CALLFRIEND Mandarin Chinese-Mainland Dialect
|Item Name:||CALLFRIEND Mandarin Chinese-Mainland Dialect|
|Author(s):||Alexandra Canavan, George Zipperlen|
|LDC Catalog No.:||LDC96S55|
|Member Year(s):||1996, 1997|
|Sample Type:||2-channel ulaw|
|Data Source(s):||telephone conversations|
|Project(s):||LID, GALE, EARS|
LDC User Agreement for Non-Members
|Online Documentation:||LDC96S55 Documents|
|Licensing Instructions:||Subscription & Standard Members, and Non-Members|
|Citation:||Canavan, Alexandra, and George Zipperlen. CALLFRIEND Mandarin Chinese-Mainland Dialect LDC96S55. Web Download. Philadelphia: Linguistic Data Consortium, 1996.|
CALLFRIEND Mandarin Chinese-Mainland Dialect was developed by the Linguistic Data Consortium (LDC) and consists of approximately 24 hours of unscripted telephone conversations between native speakers of the Mandarin Chinese dialect spoken in mainland China.
The CALLFRIEND series is a collection of telephone conversations in several languages conducted by LDC in support of language identification technology development. Languages covered in the collection include American English, Canadian French, Egyptian Arabic, Farsi, German, Hindi, Japanese, Korean, Mandarin Chinese, Spanish, Tamil and Vietnamese.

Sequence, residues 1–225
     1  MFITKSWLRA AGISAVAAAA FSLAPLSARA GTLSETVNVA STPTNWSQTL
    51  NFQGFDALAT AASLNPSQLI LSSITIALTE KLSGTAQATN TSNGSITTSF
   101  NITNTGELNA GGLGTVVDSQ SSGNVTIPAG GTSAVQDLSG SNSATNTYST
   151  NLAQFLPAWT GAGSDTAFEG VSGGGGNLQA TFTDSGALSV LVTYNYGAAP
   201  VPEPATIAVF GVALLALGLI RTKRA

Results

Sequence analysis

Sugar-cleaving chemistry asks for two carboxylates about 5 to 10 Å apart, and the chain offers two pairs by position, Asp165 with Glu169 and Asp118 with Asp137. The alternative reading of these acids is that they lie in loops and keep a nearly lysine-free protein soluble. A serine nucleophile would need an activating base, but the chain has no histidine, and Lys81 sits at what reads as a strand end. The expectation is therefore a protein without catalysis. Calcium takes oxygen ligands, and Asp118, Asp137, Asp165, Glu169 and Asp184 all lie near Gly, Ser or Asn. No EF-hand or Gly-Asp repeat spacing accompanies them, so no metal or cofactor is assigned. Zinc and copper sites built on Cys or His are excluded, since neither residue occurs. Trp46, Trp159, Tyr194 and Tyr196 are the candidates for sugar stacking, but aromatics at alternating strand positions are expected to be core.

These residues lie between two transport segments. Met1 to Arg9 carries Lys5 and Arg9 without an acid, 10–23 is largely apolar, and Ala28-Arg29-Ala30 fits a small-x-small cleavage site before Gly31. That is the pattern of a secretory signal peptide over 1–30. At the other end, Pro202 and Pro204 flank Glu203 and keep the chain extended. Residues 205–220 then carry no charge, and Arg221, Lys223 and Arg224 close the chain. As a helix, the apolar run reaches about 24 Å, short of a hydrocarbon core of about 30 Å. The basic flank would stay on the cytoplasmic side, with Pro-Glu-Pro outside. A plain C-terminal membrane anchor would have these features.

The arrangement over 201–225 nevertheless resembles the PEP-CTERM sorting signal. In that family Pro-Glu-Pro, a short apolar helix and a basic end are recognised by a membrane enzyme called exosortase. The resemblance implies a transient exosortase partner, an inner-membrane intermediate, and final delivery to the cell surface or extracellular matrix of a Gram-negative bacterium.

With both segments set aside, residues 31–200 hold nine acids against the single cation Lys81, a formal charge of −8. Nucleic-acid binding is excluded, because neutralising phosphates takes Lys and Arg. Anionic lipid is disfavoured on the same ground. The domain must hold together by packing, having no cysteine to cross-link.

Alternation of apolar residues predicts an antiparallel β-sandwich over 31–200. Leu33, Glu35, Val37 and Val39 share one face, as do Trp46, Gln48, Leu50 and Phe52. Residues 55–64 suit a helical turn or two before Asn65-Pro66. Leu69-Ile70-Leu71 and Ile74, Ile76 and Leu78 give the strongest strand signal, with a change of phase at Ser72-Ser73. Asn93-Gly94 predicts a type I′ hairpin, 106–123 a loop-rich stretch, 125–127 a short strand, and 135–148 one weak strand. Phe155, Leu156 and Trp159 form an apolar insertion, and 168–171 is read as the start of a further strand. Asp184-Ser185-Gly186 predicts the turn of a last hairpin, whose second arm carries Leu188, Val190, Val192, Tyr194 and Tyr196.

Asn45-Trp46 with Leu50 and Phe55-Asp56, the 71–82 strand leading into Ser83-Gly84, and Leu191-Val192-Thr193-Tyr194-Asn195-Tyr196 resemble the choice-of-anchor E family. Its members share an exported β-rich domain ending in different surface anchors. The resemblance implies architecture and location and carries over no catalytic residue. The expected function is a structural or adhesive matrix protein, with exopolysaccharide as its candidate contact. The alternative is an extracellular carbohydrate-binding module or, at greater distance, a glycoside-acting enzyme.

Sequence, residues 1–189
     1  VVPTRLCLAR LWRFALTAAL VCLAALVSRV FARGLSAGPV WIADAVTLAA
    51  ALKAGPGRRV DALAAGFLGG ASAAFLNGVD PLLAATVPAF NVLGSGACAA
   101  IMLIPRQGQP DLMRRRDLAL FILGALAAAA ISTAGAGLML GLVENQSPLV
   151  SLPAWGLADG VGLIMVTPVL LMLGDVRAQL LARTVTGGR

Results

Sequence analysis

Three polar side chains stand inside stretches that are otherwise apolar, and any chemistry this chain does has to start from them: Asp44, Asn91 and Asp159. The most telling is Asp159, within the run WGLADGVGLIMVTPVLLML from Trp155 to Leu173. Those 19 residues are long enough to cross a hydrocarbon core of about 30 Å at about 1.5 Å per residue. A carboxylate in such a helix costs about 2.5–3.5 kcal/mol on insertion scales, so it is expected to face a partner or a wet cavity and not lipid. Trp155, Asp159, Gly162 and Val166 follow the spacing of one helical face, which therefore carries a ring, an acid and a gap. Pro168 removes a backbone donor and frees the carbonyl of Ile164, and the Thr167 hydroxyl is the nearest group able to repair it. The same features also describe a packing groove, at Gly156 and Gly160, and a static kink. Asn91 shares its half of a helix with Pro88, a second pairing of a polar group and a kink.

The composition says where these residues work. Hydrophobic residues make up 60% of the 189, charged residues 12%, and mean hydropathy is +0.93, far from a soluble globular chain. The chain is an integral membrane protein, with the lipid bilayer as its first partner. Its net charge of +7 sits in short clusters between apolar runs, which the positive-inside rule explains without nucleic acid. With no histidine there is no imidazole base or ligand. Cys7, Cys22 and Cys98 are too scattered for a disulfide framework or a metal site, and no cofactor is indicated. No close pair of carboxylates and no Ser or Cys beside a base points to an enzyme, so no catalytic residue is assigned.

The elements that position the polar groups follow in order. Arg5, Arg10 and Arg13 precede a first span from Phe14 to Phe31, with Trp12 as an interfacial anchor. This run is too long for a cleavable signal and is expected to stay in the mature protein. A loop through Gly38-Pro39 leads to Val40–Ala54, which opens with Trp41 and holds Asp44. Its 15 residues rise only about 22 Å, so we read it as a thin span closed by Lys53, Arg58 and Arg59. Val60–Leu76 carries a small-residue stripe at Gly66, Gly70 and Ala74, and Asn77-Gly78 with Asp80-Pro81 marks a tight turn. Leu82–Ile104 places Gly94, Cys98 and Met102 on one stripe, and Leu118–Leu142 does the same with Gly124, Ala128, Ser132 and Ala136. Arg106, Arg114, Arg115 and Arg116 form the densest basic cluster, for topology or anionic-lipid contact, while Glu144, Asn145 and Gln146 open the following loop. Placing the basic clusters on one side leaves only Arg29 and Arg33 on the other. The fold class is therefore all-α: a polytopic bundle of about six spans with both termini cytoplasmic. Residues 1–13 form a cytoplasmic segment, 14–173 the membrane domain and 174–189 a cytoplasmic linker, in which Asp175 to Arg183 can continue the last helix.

An updated edition of this corpus is available as CALLFRIEND Mandarin Chinese-Mainland Dialect Second Edition (LDC2018S09). The second edition updates the audio files to wav format, simplifies the directory structure and adds documentation and metadata.
The corpus consists of 60 unscripted telephone conversations, lasting between 5-30 minutes. The corpus also includes documentation describing speaker information (sex, age, education, callee telephone number) and call information (channel quality, number of speakers).
For each conversation, both the caller and callee are native speakers of Mandarin Chinese from Mainland China. All calls are domestic and were placed inside the continental United States and Canada.
Callers in the "Mainland" and "Taiwan" collections of CALLFRIEND Mandarin were identified primarily on the basis of specific attributes in their speech characteristic of geographic origin.
There are no updates at this time.